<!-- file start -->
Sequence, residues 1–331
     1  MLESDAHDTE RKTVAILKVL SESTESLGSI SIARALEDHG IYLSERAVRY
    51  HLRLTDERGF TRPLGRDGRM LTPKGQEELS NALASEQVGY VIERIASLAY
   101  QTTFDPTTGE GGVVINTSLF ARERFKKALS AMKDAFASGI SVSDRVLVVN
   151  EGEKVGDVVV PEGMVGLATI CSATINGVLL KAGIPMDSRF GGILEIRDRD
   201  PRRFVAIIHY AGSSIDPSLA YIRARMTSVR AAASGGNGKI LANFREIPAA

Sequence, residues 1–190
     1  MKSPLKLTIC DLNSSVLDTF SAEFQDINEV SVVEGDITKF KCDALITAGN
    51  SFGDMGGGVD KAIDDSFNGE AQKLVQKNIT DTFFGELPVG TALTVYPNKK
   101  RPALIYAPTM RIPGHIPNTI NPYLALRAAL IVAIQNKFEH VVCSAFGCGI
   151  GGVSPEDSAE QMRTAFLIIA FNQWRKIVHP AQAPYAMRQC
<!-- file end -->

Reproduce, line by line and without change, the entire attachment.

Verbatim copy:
Sequence, residues 1–331
     1  MLESDAHDTE RKTVAILKVL SESTESLGSI SIARALEDHG IYLSERAVRY
    51  HLRLTDERGF TRPLGRDGRM LTPKGQEELS NALASEQVGY VIERIASLAY
   101  QTTFDPTTGE GGVVINTSLF ARERFKKALS AMKDAFASGI SVSDRVLVVN
   151  EGEKVGDVVV PEGMVGLATI CSATINGVLL KAGIPMDSRF GGILEIRDRD
   201  PRRFVAIIHY AGSSIDPSLA YIRARMTSVR AAASGGNGKI LANFREIPAA

Sequence, residues 1–190
     1  MKSPLKLTIC DLNSSVLDTF SAEFQDINEV SVVEGDITKF KCDALITAGN
    51  SFGDMGGGVD KAIDDSFNGE AQKLVQKNIT DTFFGELPVG TALTVYPNKK
   101  RPALIYAPTM RIPGHIPNTI NPYLALRAAL IVAIQNKFEH VVCSAFGCGI
   151  GGVSPEDSAE QMRTAFLIIA FNQWRKIVHP AQAPYAMRQC